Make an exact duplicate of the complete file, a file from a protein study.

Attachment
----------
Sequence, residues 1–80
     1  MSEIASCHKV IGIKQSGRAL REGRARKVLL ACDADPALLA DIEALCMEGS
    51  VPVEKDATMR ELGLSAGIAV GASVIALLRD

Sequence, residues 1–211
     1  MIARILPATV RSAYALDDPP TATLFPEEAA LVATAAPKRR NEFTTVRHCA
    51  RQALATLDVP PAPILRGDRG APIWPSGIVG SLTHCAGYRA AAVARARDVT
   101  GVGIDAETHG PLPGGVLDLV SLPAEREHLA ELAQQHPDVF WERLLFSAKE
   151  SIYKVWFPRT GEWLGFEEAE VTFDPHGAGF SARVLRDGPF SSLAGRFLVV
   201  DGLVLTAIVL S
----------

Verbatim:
Sequence, residues 1–80
     1  MSEIASCHKV IGIKQSGRAL REGRARKVLL ACDADPALLA DIEALCMEGS
    51  VPVEKDATMR ELGLSAGIAV GASVIALLRD

Sequence, residues 1–211
     1  MIARILPATV RSAYALDDPP TATLFPEEAA LVATAAPKRR NEFTTVRHCA
    51  RQALATLDVP PAPILRGDRG APIWPSGIVG SLTHCAGYRA AAVARARDVT
   101  GVGIDAETHG PLPGGVLDLV SLPAEREHLA ELAQQHPDVF WERLLFSAKE
   151  SIYKVWFPRT GEWLGFEEAE VTFDPHGAGF SARVLRDGPF SSLAGRFLVV
   201  DGLVLTAIVL S